This student applied in the 2019/20 application cycle and therefore the selection process at Cambridge may have changed since then. You should read all the information a University sends you about the selection process to get the most up to date details!
Remember to check out the glossary at the bottom of the page for our explanations of all the jargon we medical students like to use!
More about this student
Sometimes students share information with us about their demographics, which may help put their application experience into a bit more perspective.
This student identifies as a British Sri Lankan man who went to a fee paying school.
Course: Standard undergraduate
Interview: In-person panel interview
Admissions Tests: UCAT; BMAT
Before I made my application…
Choosing to study medicine
When did you decide to apply to medicine?
When I was 14.
How did you choose which universities to apply to?
Websites and open days
Completing work experience
What types of work experience did you do?
Hospital shadowing, Care work (e.g. in residential care)
How much work experience did you do?
1 week immunology; 1 week PICU (Pediatric Intensive Care Unit); 2 years in a care home
How did you find your work experience opportunities?
Through a formal scheme or work experience placement
During the application process…
What admissions test did you sit?
University Clinical Aptitude Test (UCAT): https://www.ucat.ac.uk/; BioMedical Admissions Test (BMAT). Note: BMAT will no longer be used for medicine applications after 2023. If you are applying in 2023 and sitting the BMAT, you can find out about it here: https://www.admissionstesting.org/for-test-takers/bmat/
What resources did you use?
Free online resources, Paid online resources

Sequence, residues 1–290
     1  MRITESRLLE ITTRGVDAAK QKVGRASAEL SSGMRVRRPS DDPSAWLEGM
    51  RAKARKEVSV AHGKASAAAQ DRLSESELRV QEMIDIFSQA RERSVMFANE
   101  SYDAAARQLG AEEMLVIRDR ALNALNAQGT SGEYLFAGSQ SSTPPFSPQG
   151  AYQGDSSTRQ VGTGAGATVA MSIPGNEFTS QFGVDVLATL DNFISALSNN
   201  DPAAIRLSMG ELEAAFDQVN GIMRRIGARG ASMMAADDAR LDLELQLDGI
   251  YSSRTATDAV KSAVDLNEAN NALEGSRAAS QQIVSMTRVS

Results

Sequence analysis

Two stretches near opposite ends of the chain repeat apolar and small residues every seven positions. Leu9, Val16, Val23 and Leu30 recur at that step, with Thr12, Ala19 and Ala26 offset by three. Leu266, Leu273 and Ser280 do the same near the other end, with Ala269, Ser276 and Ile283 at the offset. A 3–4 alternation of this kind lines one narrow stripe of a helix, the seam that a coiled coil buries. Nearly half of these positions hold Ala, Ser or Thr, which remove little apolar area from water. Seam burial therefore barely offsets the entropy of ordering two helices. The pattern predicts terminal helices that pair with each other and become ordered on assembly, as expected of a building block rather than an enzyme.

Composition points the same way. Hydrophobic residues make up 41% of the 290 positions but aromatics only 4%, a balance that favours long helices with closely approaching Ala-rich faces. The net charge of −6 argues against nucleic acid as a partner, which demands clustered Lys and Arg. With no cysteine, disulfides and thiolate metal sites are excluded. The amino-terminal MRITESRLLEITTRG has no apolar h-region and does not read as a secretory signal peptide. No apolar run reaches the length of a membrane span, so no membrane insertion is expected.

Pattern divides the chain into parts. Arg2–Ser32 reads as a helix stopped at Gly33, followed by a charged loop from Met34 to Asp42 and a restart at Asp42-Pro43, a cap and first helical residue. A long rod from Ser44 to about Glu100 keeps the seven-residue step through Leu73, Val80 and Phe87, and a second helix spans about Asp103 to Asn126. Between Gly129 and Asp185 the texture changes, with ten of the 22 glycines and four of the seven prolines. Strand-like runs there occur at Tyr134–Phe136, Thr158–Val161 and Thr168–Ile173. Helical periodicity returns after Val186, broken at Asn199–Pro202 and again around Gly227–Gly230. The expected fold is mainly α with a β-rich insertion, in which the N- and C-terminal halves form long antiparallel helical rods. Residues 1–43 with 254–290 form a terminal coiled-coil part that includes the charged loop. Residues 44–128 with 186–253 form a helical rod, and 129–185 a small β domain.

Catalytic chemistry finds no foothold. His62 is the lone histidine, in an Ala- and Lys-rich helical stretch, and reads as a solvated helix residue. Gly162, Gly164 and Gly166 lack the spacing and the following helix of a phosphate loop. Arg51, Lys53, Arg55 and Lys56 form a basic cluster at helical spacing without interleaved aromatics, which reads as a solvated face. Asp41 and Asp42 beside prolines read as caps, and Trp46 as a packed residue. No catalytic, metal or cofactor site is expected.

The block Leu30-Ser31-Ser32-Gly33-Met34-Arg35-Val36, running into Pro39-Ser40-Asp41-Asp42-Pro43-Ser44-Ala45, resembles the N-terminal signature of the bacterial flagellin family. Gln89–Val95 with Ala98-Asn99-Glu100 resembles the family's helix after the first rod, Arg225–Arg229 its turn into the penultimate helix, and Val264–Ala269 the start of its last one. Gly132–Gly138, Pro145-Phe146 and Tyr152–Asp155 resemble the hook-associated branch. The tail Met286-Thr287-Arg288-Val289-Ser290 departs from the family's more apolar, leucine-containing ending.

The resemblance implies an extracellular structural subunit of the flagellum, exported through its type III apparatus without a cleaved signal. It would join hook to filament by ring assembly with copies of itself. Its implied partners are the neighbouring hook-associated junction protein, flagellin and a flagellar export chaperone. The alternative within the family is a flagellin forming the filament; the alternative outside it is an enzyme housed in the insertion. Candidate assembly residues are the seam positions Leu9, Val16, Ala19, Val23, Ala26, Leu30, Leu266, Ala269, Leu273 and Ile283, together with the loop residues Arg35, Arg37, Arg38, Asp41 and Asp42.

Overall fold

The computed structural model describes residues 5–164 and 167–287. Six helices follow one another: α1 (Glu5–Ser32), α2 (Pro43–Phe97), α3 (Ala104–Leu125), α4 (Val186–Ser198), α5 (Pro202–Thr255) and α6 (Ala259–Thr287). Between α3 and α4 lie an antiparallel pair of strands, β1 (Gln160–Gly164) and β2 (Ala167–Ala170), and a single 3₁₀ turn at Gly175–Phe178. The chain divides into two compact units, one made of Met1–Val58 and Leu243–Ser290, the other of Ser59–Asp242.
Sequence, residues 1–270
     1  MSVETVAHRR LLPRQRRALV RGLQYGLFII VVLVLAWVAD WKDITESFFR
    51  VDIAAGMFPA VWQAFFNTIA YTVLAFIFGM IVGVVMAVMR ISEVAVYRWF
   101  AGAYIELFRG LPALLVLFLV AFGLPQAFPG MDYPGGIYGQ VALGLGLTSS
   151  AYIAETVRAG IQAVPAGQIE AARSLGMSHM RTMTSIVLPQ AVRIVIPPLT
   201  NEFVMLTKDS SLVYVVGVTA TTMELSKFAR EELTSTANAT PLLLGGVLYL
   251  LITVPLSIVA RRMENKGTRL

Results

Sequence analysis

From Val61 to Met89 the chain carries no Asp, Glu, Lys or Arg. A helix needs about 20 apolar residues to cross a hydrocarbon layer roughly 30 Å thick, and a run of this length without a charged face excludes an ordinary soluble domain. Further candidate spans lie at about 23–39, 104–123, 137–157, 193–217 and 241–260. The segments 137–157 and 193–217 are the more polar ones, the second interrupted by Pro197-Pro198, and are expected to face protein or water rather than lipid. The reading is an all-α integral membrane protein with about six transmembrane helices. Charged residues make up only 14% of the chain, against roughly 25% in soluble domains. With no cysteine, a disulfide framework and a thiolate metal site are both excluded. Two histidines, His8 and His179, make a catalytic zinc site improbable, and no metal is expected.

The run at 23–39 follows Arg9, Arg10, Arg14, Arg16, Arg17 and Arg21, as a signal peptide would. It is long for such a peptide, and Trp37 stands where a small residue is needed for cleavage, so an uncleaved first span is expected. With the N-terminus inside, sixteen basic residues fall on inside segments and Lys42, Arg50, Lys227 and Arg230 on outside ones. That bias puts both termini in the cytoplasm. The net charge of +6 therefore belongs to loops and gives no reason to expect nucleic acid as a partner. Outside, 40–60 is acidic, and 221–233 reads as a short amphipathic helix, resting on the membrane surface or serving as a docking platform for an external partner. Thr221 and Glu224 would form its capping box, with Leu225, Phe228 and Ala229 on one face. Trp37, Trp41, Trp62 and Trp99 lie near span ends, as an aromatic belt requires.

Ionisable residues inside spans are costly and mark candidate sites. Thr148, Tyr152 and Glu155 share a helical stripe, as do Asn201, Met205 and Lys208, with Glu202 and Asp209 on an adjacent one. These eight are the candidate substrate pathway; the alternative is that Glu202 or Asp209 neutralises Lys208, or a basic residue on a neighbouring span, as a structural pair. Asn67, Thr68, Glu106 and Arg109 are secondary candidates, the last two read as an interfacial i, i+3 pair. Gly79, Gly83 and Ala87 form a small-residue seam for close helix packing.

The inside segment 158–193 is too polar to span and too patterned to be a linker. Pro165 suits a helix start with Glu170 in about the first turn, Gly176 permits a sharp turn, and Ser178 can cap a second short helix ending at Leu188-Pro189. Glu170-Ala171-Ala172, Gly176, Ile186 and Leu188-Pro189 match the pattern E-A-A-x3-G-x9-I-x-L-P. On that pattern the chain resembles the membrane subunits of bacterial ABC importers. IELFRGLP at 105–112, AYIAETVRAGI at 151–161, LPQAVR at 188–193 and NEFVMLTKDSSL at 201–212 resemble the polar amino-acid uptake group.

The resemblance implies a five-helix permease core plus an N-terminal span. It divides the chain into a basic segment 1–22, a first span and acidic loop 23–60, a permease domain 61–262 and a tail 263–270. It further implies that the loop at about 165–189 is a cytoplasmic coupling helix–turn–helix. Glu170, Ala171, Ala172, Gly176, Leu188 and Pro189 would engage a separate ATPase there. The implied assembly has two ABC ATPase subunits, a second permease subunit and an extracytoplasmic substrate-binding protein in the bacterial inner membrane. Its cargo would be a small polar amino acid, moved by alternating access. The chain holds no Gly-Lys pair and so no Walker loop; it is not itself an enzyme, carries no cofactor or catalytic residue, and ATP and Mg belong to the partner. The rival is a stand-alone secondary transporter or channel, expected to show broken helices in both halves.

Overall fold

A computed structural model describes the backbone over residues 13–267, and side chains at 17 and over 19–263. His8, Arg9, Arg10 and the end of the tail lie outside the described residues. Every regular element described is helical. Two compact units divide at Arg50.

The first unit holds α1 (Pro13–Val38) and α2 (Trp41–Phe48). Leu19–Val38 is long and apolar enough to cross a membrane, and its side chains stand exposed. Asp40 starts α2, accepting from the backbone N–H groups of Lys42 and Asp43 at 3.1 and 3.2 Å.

How did you prepare for your admissions test?
I used Medify for UCAT. I prepared for BMAT with Kaplans online system.
What type of interview did you do?
Panel: This type of interview is a ‘traditional’ sit down interview where you’ll be interviewed by a group of people, usually academic tutors and doctors. This differs from an MMI interview, which is based around ‘stations’ which have themes or scenarios attached to them.
How did you prepare for your interview?
I read up on a specific topic of interest, as well as looking up my interviewers and exploring their fields on interest I made sure I knew the topics and research I’d talked about in my personal statement. I also looked at a couple of interesting medical ethics cases I found through scrolling on Wikipedia.
What happened during your interview?
I was asked to discuss my reasons for applying to medicine, before discussing a clinical decision making scenario. Scientific knowledge was regularly tested throughout. I then brought up a case I’d read about myself, and described it and gave my assessment as to whether the decisions made were acceptable.
I had a separate science interview, which involved data analysis, conceptual discussions, among other specific questions. I could tell my assessment was being based off my thought process more than anything else.
Clinical work experience: Not every student will complete clinical work experience before they apply to medical school. Don’t worry, this is not required to be able to apply. You can use non-clinical work experience (e.g. a caring role, like in a care home) or even reflect on paid work you’ve done (e.g. in customer service) in a productive way.
Medify: Medify is a popular website which provides resources for helping you prepare your medicine application. Medify has some free resources online but some are paid-for. There are good, free alternatives for preparation available online, so check out our subject guides and the university websites for details.
Free resources: There are plenty of free resources available to help you prepare for admissions tests and interviews online and in person! For example, you might be able to get a free place on a mentoring scheme or session, find free support books at your local library, or search online for free resources to help you. It’s very normal to rely on free resources – not everyone can afford to pay for support, and it’s not proven to give you an advantage.
Looking up interviewers: While some people like to look up the individuals who will be interviewing them, not every student will do this. It might make you more nervous, or make you feel better, but be cautious about bringing up their research unless you’re very confident that you understand it!